By: Dr. Stephanie Duffey • May 19, 2020
Friends, we’ve entered the third trimester and now, more than ever it’s important for me to support the growth of my little man through exercise. I thought it’d be fun to share my 3 favorite moves for a strong pregnancy for all the mama’s to be out there. But first a note about an old school myth that I’d like to crack…
There used to be a common misconception that exercising during pregnancy could be detrimental. Today, research points to the importance of physical activity for expectant mothers. Not only is it important for your baby’s growth, but it can alleviate some common discomforts of pregnancy and even help prepare your body for labor and delivery.
The key to a beneficial prenatal fitness routine is strength training. The hormones your body produces throughout your pregnancy can cause ligaments to expand and relax so to maintain strong muscles, stability and strength exercises are important. Plus, you need a strong pelvis to support your growing little one.
*Before you start an exercise program, be sure to check with your health care provider.
1. Bird Dog
Position yourself on your hands and knees with wrists under shoulders and knees under hips. Make sure your back is straight, not arched or sunken down. Engage your core and pelvic floor (aka perform a Kegel), then straighten out an arm and the opposite leg. Be sure to keep your low back and pelvis in neutral, don’t rotate! Return to starting position and alternate sides.
*Expert tip #1: You can check to make sure your back is straight by having someone place a yardstick along your spine. You should have contact with your back to the yardstick from the pelvis up to the mid back.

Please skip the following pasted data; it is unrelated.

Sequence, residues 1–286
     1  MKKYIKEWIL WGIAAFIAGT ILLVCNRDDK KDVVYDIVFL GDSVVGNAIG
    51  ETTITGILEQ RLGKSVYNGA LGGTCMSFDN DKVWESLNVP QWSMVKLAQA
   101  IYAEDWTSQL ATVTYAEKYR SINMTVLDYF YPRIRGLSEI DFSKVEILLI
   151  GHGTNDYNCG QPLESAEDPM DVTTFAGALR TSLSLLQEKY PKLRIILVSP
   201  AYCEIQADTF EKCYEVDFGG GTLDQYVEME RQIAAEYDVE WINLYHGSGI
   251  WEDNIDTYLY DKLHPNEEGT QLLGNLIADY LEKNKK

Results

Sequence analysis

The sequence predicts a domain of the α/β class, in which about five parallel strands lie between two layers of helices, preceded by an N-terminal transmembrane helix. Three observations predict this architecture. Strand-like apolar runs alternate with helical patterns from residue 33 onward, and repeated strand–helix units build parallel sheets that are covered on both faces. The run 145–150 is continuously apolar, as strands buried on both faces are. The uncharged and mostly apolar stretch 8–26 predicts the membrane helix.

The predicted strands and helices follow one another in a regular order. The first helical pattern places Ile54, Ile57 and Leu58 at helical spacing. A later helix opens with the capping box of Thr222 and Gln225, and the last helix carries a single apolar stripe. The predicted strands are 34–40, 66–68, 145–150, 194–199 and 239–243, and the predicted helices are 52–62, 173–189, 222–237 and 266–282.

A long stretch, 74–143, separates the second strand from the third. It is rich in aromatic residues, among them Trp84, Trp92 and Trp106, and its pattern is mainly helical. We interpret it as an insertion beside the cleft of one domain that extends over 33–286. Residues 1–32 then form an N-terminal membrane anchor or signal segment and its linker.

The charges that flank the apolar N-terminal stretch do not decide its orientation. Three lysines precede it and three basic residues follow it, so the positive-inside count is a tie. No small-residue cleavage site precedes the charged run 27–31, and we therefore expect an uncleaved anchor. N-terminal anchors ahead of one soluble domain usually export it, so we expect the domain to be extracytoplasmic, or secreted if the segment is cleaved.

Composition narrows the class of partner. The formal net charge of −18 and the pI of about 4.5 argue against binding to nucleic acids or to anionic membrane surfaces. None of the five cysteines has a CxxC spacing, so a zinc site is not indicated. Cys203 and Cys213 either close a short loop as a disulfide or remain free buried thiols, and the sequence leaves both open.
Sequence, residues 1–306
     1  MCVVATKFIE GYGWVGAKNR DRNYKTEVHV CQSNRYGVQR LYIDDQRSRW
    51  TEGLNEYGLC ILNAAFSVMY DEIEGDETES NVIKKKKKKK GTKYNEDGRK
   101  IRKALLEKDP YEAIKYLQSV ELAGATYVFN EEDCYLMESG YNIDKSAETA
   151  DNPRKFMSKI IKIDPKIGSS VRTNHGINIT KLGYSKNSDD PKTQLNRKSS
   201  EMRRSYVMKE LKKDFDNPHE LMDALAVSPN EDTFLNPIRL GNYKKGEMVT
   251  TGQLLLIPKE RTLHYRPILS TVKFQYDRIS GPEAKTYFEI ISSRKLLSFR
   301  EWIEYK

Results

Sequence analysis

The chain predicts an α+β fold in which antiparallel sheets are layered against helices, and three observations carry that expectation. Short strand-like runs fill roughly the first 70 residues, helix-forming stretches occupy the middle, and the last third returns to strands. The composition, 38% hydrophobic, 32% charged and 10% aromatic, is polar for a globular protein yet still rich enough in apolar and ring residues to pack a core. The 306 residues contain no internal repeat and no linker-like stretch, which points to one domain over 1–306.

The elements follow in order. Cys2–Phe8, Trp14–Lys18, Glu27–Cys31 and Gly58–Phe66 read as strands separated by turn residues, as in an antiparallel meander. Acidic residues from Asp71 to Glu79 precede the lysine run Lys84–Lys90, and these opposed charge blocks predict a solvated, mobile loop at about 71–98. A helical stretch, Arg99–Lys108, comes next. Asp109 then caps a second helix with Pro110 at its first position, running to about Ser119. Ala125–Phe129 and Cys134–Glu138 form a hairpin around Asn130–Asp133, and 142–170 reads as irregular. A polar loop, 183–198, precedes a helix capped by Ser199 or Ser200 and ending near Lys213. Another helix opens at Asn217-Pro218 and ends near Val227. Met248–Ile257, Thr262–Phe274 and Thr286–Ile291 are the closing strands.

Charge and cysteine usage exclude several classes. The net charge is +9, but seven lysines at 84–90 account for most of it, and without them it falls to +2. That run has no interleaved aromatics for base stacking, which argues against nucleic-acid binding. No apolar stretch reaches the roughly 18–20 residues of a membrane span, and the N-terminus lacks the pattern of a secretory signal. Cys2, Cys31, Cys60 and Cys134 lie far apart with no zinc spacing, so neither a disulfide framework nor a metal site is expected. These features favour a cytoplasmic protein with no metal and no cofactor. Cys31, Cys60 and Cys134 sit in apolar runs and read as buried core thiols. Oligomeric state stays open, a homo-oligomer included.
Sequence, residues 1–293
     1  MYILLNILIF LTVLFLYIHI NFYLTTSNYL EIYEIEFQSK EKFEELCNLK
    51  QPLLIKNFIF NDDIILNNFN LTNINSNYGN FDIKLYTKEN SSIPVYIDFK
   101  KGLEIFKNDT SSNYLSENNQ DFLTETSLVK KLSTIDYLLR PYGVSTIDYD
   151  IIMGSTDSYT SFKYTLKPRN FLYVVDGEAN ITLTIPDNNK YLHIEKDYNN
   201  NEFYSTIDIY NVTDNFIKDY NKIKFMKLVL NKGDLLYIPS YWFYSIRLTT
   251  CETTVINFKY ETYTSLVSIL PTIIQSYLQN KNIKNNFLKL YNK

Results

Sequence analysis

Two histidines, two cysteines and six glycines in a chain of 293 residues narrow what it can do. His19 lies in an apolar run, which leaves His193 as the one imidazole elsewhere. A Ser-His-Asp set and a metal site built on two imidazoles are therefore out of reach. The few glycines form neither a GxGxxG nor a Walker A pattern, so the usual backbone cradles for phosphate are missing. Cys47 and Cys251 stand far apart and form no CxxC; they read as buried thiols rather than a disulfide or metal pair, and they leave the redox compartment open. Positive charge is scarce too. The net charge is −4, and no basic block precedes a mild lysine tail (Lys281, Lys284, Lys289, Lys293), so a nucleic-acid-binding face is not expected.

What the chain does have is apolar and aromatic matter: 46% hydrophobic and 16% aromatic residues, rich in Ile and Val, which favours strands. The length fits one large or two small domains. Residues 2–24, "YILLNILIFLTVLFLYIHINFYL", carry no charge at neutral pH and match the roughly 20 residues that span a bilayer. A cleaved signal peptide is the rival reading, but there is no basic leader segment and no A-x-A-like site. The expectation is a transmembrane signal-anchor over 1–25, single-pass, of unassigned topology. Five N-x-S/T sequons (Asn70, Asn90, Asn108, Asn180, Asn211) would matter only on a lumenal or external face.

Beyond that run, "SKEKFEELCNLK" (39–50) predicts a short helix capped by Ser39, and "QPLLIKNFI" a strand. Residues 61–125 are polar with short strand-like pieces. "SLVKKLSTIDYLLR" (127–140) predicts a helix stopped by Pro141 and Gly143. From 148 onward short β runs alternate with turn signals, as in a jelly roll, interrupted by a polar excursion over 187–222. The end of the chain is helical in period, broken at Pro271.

*Expert tip #2: You can place a 2 pound dumbbell parallel to your spine. Keep this dumbbell in place and don’t let it roll off your back when performing the exercise. That way you know you have excellent control!
2. Hip Abduction Leg Lift
Lay on your side. Your hips should be slightly rolled forward and your top leg should be extended slightly behind you. Bend the bottom leg for support. Raise the top leg up in the air while keeping toes pointed forward or slightly downward. Lower and repeat.
*Expert tip: Make sure your hips don’t roll back and that your top leg doesn’t come forward with toes pointed to the ceiling. This is your body cheating and using the front hip muscles (aka hip flexors) instead of the hip muscles (aka gluteus medius)!
Stand with feel hip width apart. Engage your core and pelvic floor (aka perform a Kegel). With weight driven through the heels, squat down as if you are going to sit down in a chair. Your knees should stay in line with your toes, make sure they don’t fall inward towards each other. Return to standing and repeat.
*Expert tip: Keeping your weight in your heels engages the oh-so-important glute muscles!
Please remember that none of these exercises should be painful or cause any type of heaviness or discomfort in the pelvis! If they do, please stop immediately and contact a physical therapist or healthcare provider.
Questions or comments? I’d love to chat with you!